Lamont’s Core Repository has collected sediment from the bottom of the ocean since the 1950s. Today, the facility receives funding from the National Science Foundation, and operates as a working museum, containing over 40 miles of sediment cores drawn from over 20,000 locations around the world’s oceans. The cores are described, archived, curated, preserved for posterity, and made available for study to scientists such as geochemists, mineralogists, oceanographers, paleomagnetists, and geophysicists.
Cores are the tubes of sediment pulled from the ocean’s floor. They include everything that enters and settles to the bottom of the ocean: things that wash in from land, are blown in by wind, and fall out of the sky as volcanic ash. They also include the fossil remains of microorganisms that live and die in the ocean. All of that material as it falls to the bottom of the ocean accumulates layer by layer, stratigraphically — with the deepest sediments being the oldest and the sediment collected at the seafloor surface being the youngest. Cores record what went on over the Earth through time.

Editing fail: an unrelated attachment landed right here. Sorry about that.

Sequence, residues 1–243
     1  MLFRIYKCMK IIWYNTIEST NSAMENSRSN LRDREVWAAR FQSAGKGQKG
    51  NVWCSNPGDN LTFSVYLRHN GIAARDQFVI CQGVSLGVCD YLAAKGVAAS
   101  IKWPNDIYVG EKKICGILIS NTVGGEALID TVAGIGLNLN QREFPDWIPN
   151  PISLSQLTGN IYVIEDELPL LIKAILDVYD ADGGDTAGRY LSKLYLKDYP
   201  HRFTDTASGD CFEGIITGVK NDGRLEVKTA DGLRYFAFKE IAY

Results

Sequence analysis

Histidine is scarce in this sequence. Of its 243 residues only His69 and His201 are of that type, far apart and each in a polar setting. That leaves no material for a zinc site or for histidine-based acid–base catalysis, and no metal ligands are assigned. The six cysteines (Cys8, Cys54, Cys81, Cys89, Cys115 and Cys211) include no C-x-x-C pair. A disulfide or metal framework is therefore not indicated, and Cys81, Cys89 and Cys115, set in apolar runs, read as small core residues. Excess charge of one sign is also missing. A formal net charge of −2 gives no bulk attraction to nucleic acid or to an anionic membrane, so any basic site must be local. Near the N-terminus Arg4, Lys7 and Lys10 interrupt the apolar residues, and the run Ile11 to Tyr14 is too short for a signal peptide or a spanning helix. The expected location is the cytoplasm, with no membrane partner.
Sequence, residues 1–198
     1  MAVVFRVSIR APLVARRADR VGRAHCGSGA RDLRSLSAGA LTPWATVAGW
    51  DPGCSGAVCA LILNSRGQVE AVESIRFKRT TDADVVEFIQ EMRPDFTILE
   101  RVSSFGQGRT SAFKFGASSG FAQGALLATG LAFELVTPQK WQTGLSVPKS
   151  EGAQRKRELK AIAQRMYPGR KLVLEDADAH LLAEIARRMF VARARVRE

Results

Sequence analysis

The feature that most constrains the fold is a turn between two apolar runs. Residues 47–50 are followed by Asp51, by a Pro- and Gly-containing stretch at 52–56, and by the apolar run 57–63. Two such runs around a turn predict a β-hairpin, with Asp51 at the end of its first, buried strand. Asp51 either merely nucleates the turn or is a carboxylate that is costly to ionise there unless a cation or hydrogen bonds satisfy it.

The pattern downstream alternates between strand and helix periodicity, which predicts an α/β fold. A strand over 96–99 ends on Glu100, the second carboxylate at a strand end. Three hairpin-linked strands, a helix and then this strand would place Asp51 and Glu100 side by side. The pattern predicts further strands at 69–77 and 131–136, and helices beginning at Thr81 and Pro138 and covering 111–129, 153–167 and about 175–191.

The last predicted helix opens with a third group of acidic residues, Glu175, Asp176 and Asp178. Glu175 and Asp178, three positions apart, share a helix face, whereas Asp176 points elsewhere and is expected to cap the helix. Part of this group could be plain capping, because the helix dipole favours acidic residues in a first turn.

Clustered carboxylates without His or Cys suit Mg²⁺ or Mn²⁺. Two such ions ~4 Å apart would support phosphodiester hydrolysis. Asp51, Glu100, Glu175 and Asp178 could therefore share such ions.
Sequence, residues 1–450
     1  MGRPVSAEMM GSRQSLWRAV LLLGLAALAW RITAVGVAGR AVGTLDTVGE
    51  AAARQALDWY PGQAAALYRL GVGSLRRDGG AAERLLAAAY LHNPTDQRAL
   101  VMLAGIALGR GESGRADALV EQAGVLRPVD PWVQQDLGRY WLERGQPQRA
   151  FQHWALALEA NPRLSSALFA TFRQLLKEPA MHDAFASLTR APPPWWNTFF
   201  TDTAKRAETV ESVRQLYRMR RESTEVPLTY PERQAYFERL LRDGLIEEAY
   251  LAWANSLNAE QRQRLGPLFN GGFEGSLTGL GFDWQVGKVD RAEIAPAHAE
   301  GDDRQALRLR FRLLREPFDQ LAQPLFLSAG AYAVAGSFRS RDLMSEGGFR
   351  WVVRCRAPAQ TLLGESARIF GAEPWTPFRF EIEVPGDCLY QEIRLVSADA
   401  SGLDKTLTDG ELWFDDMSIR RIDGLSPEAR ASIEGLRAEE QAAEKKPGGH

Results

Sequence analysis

Take a Tour with Core Repository Curator Nichole Anest